Difference Between Mediation and Arbitration
In more complex cases, there has been a growing trend to opt for mediation or arbitration either before litigation commences or immediately after it commences. As any seasoned litigation attorney can attest, the expense and cost of litigation can be enormous. Cases can take several years to complete at the trial level. If there is an appeal, it could take 1-2 additional years. The costs of discovery and attorney fees can also make the case uneconomical inasmuch as prosecution of the claim may not be worth the potential recovery.
Mediation and arbitration, therefore, are often attractive alternatives to traditional judicial litigation. Both mediation and arbitration are forms of alternative dispute resolution. With a mediation, the parties to the lawsuit and their attorneys generally meet with a disinterested, third-party mediator. The purpose of the meeting is to facilitate settlement discussions. The mediator cannot force anybody to settle, though it is her/his job to push things in that direction. From an attorney’s perspective, a mediation is good because it often allows you to gain an insight into what the other attorney thinks about the case, while also fleshing out all of the legal/factual issues. Comments made in mediation are almost always confidential and generally not binding so that there is no harm you suffer down the road for statements made during the mediation in case no settlement is reached. Mediation has become very popular in counties like Saint Charles, Missouri insofar as most civil cases filed come with a mediation consent form.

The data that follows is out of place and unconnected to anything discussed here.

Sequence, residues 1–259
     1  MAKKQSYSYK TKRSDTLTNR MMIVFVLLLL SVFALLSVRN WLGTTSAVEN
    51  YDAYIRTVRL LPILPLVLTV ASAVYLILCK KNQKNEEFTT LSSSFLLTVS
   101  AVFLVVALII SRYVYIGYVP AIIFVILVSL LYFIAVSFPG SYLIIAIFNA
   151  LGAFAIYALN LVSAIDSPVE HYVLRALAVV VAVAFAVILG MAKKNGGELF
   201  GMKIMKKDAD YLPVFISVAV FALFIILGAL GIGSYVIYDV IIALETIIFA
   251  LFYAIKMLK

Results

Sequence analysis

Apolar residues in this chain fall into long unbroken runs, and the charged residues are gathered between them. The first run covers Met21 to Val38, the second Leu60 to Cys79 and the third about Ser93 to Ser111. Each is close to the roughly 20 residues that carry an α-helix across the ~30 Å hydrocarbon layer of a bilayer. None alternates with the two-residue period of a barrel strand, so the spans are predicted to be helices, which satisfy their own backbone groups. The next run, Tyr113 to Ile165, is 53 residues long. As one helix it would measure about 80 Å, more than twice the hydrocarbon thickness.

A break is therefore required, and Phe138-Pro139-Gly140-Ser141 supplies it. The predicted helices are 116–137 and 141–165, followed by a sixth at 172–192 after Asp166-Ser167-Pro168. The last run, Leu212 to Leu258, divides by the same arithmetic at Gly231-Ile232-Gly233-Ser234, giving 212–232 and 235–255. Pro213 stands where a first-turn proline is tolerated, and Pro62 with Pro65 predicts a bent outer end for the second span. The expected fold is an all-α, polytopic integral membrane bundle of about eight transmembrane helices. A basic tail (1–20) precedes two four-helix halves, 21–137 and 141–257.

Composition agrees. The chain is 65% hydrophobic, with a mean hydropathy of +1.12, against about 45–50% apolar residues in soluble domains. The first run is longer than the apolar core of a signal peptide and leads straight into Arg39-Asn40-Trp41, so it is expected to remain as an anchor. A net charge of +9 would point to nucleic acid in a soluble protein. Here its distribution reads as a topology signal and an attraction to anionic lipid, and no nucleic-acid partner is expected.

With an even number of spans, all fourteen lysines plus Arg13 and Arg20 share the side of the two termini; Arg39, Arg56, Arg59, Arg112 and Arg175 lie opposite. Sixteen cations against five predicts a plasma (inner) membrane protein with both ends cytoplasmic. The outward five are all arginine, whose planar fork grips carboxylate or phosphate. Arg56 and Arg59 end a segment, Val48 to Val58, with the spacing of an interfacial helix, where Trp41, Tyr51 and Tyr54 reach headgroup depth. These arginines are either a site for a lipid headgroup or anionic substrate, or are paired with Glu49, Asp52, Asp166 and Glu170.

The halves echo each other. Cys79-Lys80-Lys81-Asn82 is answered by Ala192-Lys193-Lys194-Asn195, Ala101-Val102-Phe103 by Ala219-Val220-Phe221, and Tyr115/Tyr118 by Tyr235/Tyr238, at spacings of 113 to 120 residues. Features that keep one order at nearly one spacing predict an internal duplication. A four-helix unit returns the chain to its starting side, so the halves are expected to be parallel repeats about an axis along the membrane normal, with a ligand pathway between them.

Arbitration, on the other hand, is the process whereby the parties and their attorneys submit their case to arbitrators, who in turn make a binding decision. It is a binding decision, not a settlement discussion. As such, each side must put on their case as they would in a court proceeding. The differences are primarily procedural. Motion practice, meticulous pleadings, evidentiary rules, and trial procedure rules take a back-seat to the arbitrator’s discretion (judges like mediation because it lightens their docket).
The decision of whether to abandon a judicial resolution of claims is not easy. It depends upon the facts and circumstances of every case. Contact us regarding litigation, arbitration or mediation disputes.